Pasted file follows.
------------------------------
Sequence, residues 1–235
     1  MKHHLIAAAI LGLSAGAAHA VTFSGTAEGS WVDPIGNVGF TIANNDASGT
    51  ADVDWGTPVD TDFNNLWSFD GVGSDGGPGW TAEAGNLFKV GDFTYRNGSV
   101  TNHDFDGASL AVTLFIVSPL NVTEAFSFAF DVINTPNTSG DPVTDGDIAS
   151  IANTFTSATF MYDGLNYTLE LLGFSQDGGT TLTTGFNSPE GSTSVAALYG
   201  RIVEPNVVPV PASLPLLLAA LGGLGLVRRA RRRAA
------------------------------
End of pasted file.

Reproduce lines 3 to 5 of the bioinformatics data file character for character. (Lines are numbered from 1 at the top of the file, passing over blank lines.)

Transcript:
    51  ADVDWGTPVD TDFNNLWSFD GVGSDGGPGW TAEAGNLFKV GDFTYRNGSV
   101  TNHDFDGASL AVTLFIVSPL NVTEAFSFAF DVINTPNTSG DPVTDGDIAS
   151  IANTFTSATF MYDGLNYTLE LLGFSQDGGT TLTTGFNSPE GSTSVAALYG